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Homegrown Rocket Tech
입력 2018.02.19 (15:10) 수정 2018.02.19 (16:41) News Today
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[Anchor Lead]

South Korea’s successful launch of the Naro rocket in 2013 was not entirely a homegrown achievement, as the Korean space program enlisted some help from Russia. A new rocket developed solely with local technology will be ready for a test launch in October. Here's an exclusive look at the rocket that is still getting some last-minute tune-ups.

[Pkg]

The rocket's lower part affixed with an engine is moved and assembled with the main body. Inside the rocket, engineers are busy wiring up the electronic devices. With the attachment of fairings on the nose cone, the entire rocket is revealed, measuring 2.6 meters in diameter and 26 meters in length. The completed rocket will undergo a combustion test in a vertical standing position before its maiden launch in October.

[Soundbite] Lee Chang-bae(Korea Aerospace Research Institute) : "It's a test of the engine's basic performance, but also a rehearsal for the Korean-made rocket."

If the test launch is successful, engineers will start clustering four 75-ton engines together. That would lead to the development of a Korean rocket with a first-stage thrust of 300 tons. It's expected to be smooth sailing from the point the 75-ton engine's performance is certified.

[Soundbite] Cho Ki-joo(Korea Aerospace Research Institute) : "I don't think it would be difficult once we test and check the compensation of interference and deviation errors that may occur from clustering four engines."

America's SpaceX program succeeded by using nine 80-ton engines together for the Falcon 9 rocket and as many as 27 engines for the Falcon Heavy recently. So, Korea's first test launch will be a crucial turning point for the nation's rocket development program. It's been five years since the successful launch of the Naro. The October launch of a test rocket made solely with home grown technology will help Korea continue its space programs and reach for the final frontier.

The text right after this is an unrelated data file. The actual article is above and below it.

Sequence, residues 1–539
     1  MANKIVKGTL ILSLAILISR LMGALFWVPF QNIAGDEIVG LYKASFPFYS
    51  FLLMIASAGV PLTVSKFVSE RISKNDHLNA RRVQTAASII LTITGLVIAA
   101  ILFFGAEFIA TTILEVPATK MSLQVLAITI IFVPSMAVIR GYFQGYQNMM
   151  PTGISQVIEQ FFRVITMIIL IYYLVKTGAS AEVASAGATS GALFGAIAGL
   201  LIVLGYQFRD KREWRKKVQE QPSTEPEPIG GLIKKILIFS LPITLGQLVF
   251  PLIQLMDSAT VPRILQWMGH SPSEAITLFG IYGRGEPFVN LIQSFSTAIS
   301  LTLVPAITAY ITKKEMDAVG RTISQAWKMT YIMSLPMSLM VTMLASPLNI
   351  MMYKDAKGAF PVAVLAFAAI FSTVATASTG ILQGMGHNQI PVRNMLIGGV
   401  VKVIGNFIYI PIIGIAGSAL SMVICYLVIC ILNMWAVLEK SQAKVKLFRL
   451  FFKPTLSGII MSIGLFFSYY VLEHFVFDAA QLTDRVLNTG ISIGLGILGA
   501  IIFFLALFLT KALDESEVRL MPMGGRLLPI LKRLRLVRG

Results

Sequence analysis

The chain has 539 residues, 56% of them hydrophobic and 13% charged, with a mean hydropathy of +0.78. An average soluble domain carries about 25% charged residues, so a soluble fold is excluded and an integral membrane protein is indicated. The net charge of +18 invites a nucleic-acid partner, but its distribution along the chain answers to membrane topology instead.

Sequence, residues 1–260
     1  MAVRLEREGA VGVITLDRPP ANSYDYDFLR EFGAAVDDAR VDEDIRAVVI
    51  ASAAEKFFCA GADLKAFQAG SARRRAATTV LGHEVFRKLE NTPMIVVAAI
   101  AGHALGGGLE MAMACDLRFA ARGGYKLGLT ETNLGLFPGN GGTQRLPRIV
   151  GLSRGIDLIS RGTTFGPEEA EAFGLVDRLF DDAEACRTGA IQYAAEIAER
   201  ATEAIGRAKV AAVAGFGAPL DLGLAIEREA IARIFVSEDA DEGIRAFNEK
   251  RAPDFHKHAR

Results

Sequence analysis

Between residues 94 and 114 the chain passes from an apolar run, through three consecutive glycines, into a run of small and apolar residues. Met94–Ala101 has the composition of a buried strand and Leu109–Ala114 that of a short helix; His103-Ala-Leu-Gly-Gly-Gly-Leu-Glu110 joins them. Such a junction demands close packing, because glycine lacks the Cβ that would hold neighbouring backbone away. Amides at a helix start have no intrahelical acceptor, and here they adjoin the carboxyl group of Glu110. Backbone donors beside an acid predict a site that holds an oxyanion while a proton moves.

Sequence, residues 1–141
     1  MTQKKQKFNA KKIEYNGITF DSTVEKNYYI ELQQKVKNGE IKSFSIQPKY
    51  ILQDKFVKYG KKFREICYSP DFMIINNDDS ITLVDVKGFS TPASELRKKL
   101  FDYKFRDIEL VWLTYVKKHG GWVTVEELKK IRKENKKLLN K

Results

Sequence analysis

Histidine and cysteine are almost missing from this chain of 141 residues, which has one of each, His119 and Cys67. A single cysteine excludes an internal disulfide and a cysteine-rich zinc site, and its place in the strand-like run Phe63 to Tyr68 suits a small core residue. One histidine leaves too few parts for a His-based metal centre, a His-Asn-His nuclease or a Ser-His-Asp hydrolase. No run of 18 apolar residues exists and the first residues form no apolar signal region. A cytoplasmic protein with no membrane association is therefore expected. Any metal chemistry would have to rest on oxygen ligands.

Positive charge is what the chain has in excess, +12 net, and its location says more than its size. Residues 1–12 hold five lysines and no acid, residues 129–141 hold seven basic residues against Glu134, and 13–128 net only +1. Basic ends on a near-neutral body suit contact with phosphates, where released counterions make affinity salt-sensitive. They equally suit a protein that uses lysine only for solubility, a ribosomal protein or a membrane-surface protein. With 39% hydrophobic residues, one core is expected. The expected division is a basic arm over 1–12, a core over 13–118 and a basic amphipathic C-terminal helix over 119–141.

• Homegrown Rocket Tech
    • 입력 2018-02-19 15:02:07
    • 수정2018-02-19 16:41:23
    News Today
[Anchor Lead]

South Korea’s successful launch of the Naro rocket in 2013 was not entirely a homegrown achievement, as the Korean space program enlisted some help from Russia. A new rocket developed solely with local technology will be ready for a test launch in October. Here's an exclusive look at the rocket that is still getting some last-minute tune-ups.

[Pkg]

The rocket's lower part affixed with an engine is moved and assembled with the main body. Inside the rocket, engineers are busy wiring up the electronic devices. With the attachment of fairings on the nose cone, the entire rocket is revealed, measuring 2.6 meters in diameter and 26 meters in length. The completed rocket will undergo a combustion test in a vertical standing position before its maiden launch in October.

[Soundbite] Lee Chang-bae(Korea Aerospace Research Institute) : "It's a test of the engine's basic performance, but also a rehearsal for the Korean-made rocket."

If the test launch is successful, engineers will start clustering four 75-ton engines together. That would lead to the development of a Korean rocket with a first-stage thrust of 300 tons. It's expected to be smooth sailing from the point the 75-ton engine's performance is certified.

[Soundbite] Cho Ki-joo(Korea Aerospace Research Institute) : "I don't think it would be difficult once we test and check the compensation of interference and deviation errors that may occur from clustering four engines."

America's SpaceX program succeeded by using nine 80-ton engines together for the Falcon 9 rocket and as many as 27 engines for the Falcon Heavy recently. So, Korea's first test launch will be a crucial turning point for the nation's rocket development program. It's been five years since the successful launch of the Naro. The October launch of a test rocket made solely with home grown technology will help Korea continue its space programs and reach for the final frontier.
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